The ON-OFF ratio of the fabricated photodiodes (photocurrent/dark current at irradiation of AM-1.5 light; measured frequency: 10 kHz) was measured. This will be referred to as initial ON-OFF ratio. Next, deterioration by light and deterioration by vibration were measured with regard to ON-OFF ratio in the same manner as for Example 1. As a result of measurements, the photodiode of the present invention (PD Ex. 3) was found to have further better characteristic than those of conventional photodiodes (PD Comp. 3-1), (PD Comp. 3-2) and (PD Comp. 3-3).

(Example 4)

A solar cell (SC EX. 4) of FIG. 1 having a nip structure with a microcrystalline-silicon-containing p layer formed on the ZnO film layer was fabricated. A ZnO film layer was formed by following the procedure of Example 1, on which a p layer (μc-Si, RFPCVD process), an i layer (a-Si, RFPCVD process) and an n layer (a-SiC, MWPCVD process) were formed. In forming the ZnO film layer, the forming method (3) was employed, and the fluorine content was made to vary as shown in FIG. 3C by changing the RF power with the lapse of time. A transparent electrode and a collector electrode were formed by following the procedure of Example 1.

On measurements similar to those of Example 1, the solar cell of the present invention (SC Ex. 4) was found to have further excellent characteristics than those of conventional solar cells (SC Comp. 1-1), (SC Comp. 1-2) and (SC Comp. 1-3), like (SC Ex. 2).

(Example 5)

A solar cell (SC Ex. 5) with fluorine contained in an n layer was fabricated. By following the procedure of Example 2 except that 1 sccm of SiF4 was introduced anew in forming the n layer, a fabrication was made.

<Comparative Example 5>

By following the procedure of Example 5 except that a ZnO target not containing fluorine was employed in forming a ZnO film layer, a solar cell (SC Comp. 5) was fabricated.

On measurements similar to those of Example 1, the solar cell of the present invention (SC Ex. 5) was found to have equivalent characteristics to that of (SC Comp. 5). However, no separation of layers was observed in (SC Ex. 5) but a separation of layers was slightly observed in (SC Comp. 5)

(Example 6)

A ZnO film layer similar to that of Example 2 was formed on a glass substrate, a p layer and an n layer similar to those of Example 1 except that 10 sccm of SnH4 gas was flowed in forming an i layer, were formed, and a solar cell (SC Ex. 6) with a 0.5 μm thick light reflecting layer made of Al formed on the pin layer was fabricated. The light reflecting layer was formed with the electron beam vacuum deposition process.

<Comparative Example 6>

By following the procedure of Example 6 except that a target not containing fluorine was employed in forming a ZnO film layer, a solar cell (SC Comp. 6) was fabricated.

On measurement similar to that of Example 1 under irradiation of light from the rear side of the glass substrate, (SC Ex. 6) was found to have excellent characteristics than those of (SC Comp. 6).

(Example 7)

Using a depositing apparatus of FIG. 5 to which the Roll-to-Roll method was applied, a solar cell of pinpin type was fabricated. As the substrate (support), a belt-like stainless steel plate, 300 m in length, 30 cm in width and 0.1 mm in thickness was employed.

FIG. 4 is a schema of a continuous forming apparatus of photovoltaic elements by utilizing the Roll-to-Roll method. This apparatus comprises a substrate delivery chamber 510, a plurality of depositing chambers 501-509 and a substrate winding chamber 511 disposed in sequence, between which a separating passage 512 is connected. Each depositing chamber is provided with an exhaust port and its interior can be evacuated to vacuum. A belt-like substrate 513 passes through these depositing chambers and the separating passage, is wound from the substrate delivery chamber into the substrate winding chamber. At the same time, it is arranged that, from the gas inlet of each depositing chamber and the separating passage, gas is introduced, gas is exhausted from individual exhaust port and individual layers can be formed.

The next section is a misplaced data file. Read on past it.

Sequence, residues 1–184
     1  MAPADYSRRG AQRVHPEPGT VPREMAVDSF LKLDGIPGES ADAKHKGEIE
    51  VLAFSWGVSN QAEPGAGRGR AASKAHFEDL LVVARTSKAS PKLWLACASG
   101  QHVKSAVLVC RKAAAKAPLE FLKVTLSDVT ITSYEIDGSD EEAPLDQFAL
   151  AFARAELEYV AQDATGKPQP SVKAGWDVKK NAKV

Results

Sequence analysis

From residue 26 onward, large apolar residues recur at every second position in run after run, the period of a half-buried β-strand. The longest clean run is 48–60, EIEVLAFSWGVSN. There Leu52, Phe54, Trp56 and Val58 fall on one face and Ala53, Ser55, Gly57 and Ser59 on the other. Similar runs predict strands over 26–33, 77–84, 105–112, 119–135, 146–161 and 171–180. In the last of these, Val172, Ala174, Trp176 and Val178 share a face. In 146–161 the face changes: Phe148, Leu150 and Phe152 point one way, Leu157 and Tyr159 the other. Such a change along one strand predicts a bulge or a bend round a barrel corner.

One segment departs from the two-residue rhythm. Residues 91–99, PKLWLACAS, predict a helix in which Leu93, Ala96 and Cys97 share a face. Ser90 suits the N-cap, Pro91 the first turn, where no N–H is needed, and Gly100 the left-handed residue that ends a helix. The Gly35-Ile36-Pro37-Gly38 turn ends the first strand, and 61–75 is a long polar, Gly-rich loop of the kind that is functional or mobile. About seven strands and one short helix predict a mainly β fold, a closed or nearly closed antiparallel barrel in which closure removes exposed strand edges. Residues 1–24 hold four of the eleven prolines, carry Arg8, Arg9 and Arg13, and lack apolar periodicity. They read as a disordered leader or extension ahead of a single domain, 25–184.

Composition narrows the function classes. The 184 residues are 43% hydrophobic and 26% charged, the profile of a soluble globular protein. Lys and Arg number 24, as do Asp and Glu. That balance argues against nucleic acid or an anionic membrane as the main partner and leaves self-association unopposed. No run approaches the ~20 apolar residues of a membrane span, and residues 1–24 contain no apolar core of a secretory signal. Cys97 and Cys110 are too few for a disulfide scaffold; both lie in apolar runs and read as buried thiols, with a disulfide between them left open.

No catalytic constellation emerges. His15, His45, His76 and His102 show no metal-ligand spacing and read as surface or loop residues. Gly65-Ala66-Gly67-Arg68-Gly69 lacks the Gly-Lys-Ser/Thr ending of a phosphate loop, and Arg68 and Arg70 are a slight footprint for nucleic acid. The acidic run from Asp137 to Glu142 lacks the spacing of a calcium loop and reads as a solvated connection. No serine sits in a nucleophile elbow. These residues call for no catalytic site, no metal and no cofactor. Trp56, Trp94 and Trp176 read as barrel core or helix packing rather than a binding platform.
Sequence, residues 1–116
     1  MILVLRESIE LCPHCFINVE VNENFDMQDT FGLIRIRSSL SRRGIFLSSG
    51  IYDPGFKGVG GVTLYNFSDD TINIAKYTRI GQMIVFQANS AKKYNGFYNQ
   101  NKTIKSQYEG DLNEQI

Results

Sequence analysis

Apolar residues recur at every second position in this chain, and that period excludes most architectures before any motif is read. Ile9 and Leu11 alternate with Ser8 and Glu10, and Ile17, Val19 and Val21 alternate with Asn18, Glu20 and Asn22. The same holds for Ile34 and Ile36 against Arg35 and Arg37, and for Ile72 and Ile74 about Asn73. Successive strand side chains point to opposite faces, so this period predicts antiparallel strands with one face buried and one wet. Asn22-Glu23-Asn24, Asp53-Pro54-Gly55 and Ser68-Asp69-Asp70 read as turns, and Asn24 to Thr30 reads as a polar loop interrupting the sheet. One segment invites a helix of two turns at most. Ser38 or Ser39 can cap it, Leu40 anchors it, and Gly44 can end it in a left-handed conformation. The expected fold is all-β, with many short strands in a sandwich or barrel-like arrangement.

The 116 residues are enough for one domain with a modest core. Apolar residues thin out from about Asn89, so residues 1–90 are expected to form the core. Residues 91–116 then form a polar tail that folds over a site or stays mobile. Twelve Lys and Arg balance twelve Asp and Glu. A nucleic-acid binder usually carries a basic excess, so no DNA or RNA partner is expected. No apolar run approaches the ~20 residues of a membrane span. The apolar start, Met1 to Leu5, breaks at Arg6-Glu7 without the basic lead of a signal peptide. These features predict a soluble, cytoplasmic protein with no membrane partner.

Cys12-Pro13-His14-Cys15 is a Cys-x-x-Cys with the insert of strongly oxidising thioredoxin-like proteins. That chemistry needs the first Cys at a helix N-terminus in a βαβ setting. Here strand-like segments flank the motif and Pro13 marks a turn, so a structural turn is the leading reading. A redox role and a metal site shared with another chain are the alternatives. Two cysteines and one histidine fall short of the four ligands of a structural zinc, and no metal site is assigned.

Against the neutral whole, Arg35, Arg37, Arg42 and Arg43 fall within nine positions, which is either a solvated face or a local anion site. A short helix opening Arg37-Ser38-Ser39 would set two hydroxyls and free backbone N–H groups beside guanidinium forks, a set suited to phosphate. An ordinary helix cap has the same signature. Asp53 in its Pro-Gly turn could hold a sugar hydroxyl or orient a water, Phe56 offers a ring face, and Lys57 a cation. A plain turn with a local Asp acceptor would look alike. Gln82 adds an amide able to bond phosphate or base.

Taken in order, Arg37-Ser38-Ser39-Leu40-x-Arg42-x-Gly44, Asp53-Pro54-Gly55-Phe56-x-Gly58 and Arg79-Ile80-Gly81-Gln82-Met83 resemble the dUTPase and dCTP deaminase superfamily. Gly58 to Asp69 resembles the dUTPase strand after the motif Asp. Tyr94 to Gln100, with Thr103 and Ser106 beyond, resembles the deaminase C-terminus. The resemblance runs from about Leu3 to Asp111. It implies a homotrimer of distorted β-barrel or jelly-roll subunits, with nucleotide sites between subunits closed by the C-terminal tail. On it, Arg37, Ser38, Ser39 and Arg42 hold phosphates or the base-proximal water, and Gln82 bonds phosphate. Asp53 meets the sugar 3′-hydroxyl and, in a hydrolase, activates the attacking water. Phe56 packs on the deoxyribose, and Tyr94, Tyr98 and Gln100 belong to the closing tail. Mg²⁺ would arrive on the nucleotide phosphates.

A light reflecting layer made of AlSi (9:1), a fluorine-contained ZnO film layer, a pinpin layer and a transparent electrode made of ITO are formed in the depositing chamber 501, the depositing chamber 502, the depositing chambers 503-508 and the depositing 509, respectively. Inside each depositing chamber, a halogen lamp heater 518 for heating the substrate from the rear side is installed and the substrate is heated to a predetermined temperatures in the respective depositing chambers.

In the depositing chamber 501, the DC magnetron sputtering process is performed, Ar gas is introduced from the gas inlet 526 and AlSi (9:1) is employed as the target. In the depositing chamber 502, the RF magnetron sputtering process is performed, Ar gas is introduced and fluorine-not-contained ZnO is employed as the target. In the depositing chamber 509, the RF magnetron sputtering process is performed, O2 gas and Ar gas are introduced and ITO (In2 O3 --SnO2 (5 wt %)) is employed as the target.

Block 550 is a top view of the depositing chambers 503-508, each depositing chamber has a raw gas inlet 514 and an exhaust port 515 and is equipped with a RF electrode 516 or a micro wave applicator 517, and a raw gas supply device (not shown) is connected to the raw gas inlet 514. To the exhaust port of each depositing chamber, a vacuum exhaust pump (not shown), such as oil diffusion pump and mechanical booster pump, is connected and the separating passage 512 connected to a depositing chamber has a inlet 519 for allowing a scavenge gas to flow in, through which a scavenge gas as shown in FIG. 4 is introduced.

An ordinary MWPCVD, a bias-applied MWPCVD and an ordinary RFPCVD can be executed in the depositing chambers 503 and 508, in the depositing chambers 504 and 507, and in the depositing chambers 505 and 506, respectively. In the depositing chambers for an i layer, depositing chambers 504 and 507, a bias electrode 531 is placed, to which a RF power source (not shown) is connected as the power source.